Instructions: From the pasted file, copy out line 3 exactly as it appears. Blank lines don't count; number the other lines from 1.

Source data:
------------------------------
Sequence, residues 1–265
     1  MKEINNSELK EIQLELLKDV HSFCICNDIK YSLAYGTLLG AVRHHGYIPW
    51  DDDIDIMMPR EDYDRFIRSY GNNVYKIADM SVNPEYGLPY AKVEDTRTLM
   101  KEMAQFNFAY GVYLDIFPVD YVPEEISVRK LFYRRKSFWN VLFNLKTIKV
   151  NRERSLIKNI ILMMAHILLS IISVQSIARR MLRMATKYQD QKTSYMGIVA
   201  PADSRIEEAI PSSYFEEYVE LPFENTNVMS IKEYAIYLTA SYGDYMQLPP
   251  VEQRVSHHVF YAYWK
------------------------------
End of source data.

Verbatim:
    51  DDDIDIMMPR EDYDRFIRSY GNNVYKIADM SVNPEYGLPY AKVEDTRTLM